They regard Islamists as divisive because they are seeking to privilege Muslims and Islamic law within the state and society, thereby repudiating the principles upon which the nation was founded.
This view is shared by mainstream Islamic organisations such as Nahdlatul Ulama and its allied political parties which are part of the ruling coalition.
President Jokowi and the governing parties were especially alarmed in 2016–2017 when Islamist groups mobilised hundreds of thousands of Muslims on the streets of Jakarta in protest at the Chinese Christian governor’s allegedly blasphemous remarks about the Qur’an.
The governor, who had seemed set for a sweeping victory prior to the blasphemy accusations, was soundly defeated in the April 2017 gubernatorial election and later jailed for two years.
This event convinced many in government that concerted action was needed to roll back a rising tide of Islamism. Indeed, more than a few ministers believed that if Islamism was not contained and negated during the remaining years of Jokowi’s presidency, then it would become too powerful to control.
The validity of this view is questionable. Certainly, conservative expressions of Islam are gaining ground in Indonesia, just as conservative religiosity is rising in many other Asian states and Western nations.
But this has yet to take on a coherent political manifestation. Many conservative Muslims eschew practical politics and no Islamist party has been able to win more than 8 per cent of the vote in any of the last four elections.
Yes, Islamists did bring down the former non-Muslim Jakarta governor, but that case involved blasphemy, which always generates intense — but usually short-lived — emotion and fervour on the streets. Since then, the Islamist movement has strived but failed to repeat the success of 2016–2017.
Worse still for Islamists, the presidential candidate around whom they had coalesced in the 2014 and 2019 elections, Prabowo Subianto, did an abrupt about-turn after last year’s election, joining the new Jokowi government as Defense Minister.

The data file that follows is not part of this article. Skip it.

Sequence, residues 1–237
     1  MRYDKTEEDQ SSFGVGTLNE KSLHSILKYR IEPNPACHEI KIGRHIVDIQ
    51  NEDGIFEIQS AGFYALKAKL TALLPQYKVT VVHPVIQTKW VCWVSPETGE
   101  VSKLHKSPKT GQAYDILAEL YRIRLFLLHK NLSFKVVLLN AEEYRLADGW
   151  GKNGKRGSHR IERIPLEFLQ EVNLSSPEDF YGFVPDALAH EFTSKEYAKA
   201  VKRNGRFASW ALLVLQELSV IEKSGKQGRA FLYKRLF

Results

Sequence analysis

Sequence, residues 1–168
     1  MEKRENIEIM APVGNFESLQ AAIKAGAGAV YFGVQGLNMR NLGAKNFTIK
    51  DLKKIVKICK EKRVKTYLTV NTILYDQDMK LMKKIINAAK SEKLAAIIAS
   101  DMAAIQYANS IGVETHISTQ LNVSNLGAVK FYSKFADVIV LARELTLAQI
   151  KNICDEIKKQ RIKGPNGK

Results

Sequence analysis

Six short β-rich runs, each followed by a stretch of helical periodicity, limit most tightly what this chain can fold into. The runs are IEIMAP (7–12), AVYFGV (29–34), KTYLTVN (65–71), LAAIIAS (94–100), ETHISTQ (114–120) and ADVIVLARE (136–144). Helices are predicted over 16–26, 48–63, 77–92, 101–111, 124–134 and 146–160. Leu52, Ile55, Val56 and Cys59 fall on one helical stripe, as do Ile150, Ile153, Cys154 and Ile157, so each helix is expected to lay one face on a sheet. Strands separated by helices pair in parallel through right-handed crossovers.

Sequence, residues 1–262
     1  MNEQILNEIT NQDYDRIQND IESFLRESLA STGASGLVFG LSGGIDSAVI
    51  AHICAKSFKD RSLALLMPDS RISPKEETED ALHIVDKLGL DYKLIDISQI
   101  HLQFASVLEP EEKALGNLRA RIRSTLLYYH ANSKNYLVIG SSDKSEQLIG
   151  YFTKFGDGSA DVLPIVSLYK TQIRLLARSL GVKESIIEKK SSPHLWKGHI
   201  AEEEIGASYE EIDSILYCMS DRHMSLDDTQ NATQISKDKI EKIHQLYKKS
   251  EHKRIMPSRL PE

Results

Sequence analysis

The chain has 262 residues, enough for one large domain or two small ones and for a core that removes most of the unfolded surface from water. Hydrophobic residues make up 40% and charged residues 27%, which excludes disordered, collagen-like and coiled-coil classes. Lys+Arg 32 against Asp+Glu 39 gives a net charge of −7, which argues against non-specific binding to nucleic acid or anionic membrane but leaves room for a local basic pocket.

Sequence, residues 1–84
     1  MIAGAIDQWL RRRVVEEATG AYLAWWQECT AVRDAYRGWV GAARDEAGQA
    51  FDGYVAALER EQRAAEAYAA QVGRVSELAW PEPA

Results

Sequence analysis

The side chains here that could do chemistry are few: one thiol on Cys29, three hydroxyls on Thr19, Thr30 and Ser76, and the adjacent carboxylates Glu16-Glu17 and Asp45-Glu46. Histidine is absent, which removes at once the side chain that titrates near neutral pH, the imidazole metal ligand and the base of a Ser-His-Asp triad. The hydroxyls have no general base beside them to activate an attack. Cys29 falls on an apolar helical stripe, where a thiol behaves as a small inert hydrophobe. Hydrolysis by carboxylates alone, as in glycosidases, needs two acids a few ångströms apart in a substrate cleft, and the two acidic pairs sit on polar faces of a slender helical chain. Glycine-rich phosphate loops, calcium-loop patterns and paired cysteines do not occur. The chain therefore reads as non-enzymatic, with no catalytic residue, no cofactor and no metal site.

This has left the Islamists dispirited and in disarray. So, it is hard to make the case that Islamism is imperilling Indonesia’s political system.
If Indonesia does value tolerance and diversity, it should accept the legitimacy of Islamist discourses and associational activities.
Most Islamist views contravene no laws or regulations. Cracking down on Islamism in fact squeezes civil space and makes Indonesia less democratic.
Australia’s government, given its longstanding promotion of ‘moderate’ Islam in Indonesia, ought to be concerned by the anti-Islamist campaign.
At a time when many on the political right in Australia rail against what they see as disparagement of or restrictions on the rights of conservative Christians in their own country, they should also advocate for similar rights to be extended to other conservative religious communities in Indonesia as well, including Islamists.
Tolerance of religious diversity should be a marker of mature and robust democracies.
This article first appeared on the "East Asia Forum" blog, and is drawn from the author’s new paper "Jokowi in the COVID-19 Era: Repressive Pluralism, Dynasticism and the Over-Bearing State" forthcoming in the Bulletin of Indonesian Economic Studies.
- Asia Media Centre